The Pantex Plant assembled the “first production capability unit” of the W88 Alt-370 submarine-launched warhead, a precursor to the first production unit intended to prove the entire warhead design is ready for mass production, the Pantex Plant said.
The phrase “first production capability unit” did not appear in official National Nuclear Security Administration (NNSA) documents until this March, when the term debuted in the agency’s 2021 budget request. The agency’s recent Stockpile Steward and Management Plan, an annual declassified summary of ongoing NNSA nuclear modernization work, also did not include the term “first production capability unit,” nor did the NNSA’s 2020 budget request.
A spokesperson for the Bechtel National-led plant operator Consolidated Nuclear Security (CNS) did not immediately reply to a request for comment about when Pantex completed the first production capability unit.
W88 Alt-370’s true first production unit — a fully assembled, and potentially deployable warhead that will be disassembled to verify the design is sound and ready for mass production — was delayed to fiscal year 2021 from fiscal year 2019 after the NNSA announced in 2019 that the agency had to replace capacitors intended for use in “three major components” of the weapon.
Capacitors store electrical charges and can be used in detonators and neutron generators, among other things.
B61-12, the upgraded version of the oldest deployed U.S. weapon, was also delayed because of the unsuitable commercial capacitors, which NNSA is replacing with custom units that can last decades more in the field. B61-12’s first production unit slipped from 2020 to 2022, the NNSA said.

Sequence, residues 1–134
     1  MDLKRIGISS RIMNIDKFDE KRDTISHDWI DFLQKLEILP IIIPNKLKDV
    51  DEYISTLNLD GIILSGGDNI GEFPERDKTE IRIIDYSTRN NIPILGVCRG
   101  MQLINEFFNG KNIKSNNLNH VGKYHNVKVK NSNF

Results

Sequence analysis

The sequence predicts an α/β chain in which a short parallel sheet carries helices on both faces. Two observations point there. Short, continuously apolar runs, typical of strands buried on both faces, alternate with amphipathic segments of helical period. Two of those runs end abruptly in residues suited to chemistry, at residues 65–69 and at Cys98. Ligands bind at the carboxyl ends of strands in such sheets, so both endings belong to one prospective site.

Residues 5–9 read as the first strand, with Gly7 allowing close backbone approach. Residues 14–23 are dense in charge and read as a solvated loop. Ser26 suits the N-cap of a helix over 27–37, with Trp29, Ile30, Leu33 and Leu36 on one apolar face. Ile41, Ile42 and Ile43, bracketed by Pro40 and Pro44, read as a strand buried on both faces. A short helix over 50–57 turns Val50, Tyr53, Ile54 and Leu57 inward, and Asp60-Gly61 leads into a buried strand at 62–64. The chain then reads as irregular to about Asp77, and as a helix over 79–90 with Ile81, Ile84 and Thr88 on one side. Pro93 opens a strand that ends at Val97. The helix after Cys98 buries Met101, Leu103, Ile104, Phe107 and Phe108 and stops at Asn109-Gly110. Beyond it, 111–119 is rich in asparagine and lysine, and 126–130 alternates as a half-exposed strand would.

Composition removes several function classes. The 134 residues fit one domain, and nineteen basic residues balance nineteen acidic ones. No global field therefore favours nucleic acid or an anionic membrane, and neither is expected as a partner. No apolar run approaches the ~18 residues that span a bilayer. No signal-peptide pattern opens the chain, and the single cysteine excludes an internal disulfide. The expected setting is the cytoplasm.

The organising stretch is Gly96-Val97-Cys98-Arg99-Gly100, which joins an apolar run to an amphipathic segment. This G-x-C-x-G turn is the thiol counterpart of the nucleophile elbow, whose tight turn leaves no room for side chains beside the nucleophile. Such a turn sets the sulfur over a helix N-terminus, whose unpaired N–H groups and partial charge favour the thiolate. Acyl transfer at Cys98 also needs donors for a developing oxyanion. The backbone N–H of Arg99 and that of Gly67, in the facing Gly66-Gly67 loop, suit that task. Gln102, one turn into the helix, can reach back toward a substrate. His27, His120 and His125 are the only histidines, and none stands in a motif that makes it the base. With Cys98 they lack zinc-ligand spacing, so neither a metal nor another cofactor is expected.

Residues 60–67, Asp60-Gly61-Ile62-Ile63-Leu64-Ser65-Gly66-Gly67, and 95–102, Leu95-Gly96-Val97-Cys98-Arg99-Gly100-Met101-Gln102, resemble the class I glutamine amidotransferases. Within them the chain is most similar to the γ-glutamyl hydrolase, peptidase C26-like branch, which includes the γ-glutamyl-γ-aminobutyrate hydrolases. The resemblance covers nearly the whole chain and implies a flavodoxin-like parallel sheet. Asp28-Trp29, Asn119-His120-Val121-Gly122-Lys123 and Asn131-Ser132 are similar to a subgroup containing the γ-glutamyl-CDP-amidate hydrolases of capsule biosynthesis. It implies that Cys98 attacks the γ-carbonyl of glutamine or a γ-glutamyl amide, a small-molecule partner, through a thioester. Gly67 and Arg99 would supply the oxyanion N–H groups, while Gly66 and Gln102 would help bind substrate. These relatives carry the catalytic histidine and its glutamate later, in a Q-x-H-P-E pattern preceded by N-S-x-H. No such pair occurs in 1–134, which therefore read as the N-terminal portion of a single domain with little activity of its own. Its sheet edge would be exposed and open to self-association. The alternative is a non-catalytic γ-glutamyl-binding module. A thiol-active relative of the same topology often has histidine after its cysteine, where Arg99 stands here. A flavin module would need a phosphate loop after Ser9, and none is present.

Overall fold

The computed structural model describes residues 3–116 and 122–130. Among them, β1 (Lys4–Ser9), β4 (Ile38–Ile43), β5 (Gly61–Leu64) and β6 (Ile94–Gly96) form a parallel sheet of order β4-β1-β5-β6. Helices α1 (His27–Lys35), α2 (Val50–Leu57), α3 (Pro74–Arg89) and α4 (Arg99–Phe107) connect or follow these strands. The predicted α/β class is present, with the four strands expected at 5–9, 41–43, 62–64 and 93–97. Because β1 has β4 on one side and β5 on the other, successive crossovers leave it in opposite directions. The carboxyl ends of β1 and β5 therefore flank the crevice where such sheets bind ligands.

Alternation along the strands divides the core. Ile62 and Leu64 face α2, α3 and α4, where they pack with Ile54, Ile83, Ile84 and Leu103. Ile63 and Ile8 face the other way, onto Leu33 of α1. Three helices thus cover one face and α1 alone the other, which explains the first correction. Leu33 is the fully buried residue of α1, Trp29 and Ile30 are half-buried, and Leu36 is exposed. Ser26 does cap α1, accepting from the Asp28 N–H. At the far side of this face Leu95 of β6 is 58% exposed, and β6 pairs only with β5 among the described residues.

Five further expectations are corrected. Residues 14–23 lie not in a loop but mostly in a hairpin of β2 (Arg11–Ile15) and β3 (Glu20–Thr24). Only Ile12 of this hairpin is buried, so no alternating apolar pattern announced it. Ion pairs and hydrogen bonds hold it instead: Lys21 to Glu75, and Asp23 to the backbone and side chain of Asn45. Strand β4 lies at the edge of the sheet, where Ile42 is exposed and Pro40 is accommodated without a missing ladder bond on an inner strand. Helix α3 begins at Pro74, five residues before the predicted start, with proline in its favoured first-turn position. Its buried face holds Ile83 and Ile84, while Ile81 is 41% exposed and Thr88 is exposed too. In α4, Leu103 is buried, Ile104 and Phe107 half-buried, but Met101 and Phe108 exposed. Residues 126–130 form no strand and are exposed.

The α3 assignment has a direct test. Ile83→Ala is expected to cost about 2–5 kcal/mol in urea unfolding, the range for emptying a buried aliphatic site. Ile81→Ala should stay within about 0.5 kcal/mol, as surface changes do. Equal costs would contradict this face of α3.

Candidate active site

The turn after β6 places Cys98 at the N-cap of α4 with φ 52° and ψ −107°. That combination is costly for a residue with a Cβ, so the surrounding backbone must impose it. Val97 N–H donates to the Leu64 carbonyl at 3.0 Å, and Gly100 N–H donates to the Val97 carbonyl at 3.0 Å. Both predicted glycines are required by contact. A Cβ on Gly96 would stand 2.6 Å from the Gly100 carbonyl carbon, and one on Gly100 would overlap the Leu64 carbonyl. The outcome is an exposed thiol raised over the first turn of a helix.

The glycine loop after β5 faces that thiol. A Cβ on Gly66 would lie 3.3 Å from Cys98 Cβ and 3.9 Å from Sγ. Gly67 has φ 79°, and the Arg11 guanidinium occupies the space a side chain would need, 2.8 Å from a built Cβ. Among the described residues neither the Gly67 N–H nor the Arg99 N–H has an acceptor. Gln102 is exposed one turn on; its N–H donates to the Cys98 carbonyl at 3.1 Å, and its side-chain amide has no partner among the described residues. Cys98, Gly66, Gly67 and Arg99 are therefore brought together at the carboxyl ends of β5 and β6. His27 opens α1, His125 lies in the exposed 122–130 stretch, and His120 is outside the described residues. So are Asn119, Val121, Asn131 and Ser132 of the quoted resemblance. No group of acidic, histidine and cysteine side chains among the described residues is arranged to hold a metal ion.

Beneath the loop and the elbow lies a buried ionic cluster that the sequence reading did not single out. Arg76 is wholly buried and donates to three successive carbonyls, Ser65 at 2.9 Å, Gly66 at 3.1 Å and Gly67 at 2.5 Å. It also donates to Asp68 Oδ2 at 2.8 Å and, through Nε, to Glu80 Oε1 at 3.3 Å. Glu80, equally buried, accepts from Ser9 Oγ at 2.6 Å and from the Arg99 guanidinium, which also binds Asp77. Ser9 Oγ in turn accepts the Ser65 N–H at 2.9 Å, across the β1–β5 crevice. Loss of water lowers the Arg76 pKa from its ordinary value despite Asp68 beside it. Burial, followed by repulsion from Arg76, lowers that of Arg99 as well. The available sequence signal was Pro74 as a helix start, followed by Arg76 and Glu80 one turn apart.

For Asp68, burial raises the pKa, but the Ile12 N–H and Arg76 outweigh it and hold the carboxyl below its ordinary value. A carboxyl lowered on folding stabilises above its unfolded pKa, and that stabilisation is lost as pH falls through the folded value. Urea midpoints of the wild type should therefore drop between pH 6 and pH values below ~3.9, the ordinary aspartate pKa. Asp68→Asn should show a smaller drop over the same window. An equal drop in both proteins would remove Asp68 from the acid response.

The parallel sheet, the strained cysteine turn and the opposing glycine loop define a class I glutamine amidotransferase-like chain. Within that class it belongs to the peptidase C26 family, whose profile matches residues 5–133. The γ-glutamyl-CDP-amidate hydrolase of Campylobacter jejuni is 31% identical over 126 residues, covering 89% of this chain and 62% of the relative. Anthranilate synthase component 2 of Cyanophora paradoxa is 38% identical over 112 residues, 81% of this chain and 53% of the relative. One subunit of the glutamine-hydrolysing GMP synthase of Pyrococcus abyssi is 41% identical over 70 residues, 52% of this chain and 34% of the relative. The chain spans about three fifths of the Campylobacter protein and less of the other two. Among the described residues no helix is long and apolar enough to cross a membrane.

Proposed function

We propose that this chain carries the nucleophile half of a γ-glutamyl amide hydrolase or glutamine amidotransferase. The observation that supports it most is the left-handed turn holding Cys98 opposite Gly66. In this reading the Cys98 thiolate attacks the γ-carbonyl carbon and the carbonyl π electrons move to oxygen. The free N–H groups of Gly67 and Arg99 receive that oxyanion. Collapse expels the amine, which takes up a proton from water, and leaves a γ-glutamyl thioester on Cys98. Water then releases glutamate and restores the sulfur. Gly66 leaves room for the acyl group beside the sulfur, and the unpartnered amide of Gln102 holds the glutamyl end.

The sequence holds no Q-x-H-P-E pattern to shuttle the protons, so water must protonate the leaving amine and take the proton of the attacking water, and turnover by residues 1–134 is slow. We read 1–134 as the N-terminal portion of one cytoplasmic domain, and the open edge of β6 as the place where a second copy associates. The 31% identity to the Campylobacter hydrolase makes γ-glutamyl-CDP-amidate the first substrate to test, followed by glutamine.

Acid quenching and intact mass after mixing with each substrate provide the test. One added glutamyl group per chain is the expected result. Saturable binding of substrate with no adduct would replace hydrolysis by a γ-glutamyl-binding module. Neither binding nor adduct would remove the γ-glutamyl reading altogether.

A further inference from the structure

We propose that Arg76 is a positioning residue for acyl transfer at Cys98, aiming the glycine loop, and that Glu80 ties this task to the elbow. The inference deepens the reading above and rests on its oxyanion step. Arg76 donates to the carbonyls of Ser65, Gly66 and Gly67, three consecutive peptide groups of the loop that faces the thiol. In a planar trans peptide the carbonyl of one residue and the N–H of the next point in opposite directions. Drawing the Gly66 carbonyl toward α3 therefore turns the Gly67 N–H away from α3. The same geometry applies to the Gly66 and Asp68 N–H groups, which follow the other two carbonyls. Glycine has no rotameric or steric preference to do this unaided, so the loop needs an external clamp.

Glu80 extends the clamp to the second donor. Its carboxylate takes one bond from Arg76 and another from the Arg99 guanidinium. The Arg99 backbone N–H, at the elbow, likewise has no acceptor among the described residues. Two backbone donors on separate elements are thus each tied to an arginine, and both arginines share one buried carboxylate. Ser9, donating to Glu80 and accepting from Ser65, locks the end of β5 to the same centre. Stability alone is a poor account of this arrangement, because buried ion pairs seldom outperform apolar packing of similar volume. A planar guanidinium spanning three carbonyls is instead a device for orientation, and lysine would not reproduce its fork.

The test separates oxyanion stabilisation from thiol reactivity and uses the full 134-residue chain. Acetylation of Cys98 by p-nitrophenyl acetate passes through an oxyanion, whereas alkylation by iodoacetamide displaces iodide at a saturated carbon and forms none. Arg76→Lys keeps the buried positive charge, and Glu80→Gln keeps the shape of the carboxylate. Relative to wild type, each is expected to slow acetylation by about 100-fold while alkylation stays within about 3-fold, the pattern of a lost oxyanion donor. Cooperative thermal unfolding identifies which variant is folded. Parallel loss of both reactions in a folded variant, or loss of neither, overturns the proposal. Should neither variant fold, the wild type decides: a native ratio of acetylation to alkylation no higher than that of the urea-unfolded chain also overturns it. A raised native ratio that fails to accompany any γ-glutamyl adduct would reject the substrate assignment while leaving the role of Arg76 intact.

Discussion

Meanwhile, CNS said in its press release on Monday that assembling the “first production capability unit” of the W88 Alt-370 allows the Amarillo, Texas, plant’s “staff to exercise processes to ensure readiness for rate production” of the weapon. W88 is the larger of the Navy’s two submarine-launched, ballistic missile warheads, both of which tip Trident II-D5 missiles carried by Ohio-class submarines.
The NNSA and the Pentagon estimate the W88 Alt-370 will cost about $4 billion over roughly 10 years, including up to $3 billion in NNSA expenses. The NNSA has roughly 350 W88 warheads, the Washington-based, arms-control-advocating nonprofit, Federation of American Scientists, estimates.
Meanwhile, Pantex remains in reduced mission critical operations in an attempt to slow the spread of COVID-19 through the nation’s primary nuclear weapons service hub. CNS told any employee who could telework to do so, but people involved with hands-on nuclear-weapons work are still reporting for the plant’s usual three shifts.
Pantex, like other NNSA sites, has reported cases of COVID-19, the viral disease caused by the novel coronavirus that broke out in Wuhan, China, in 2019. Typically, each confirmed case of COVID-19 sends many more people into preventative quarantine.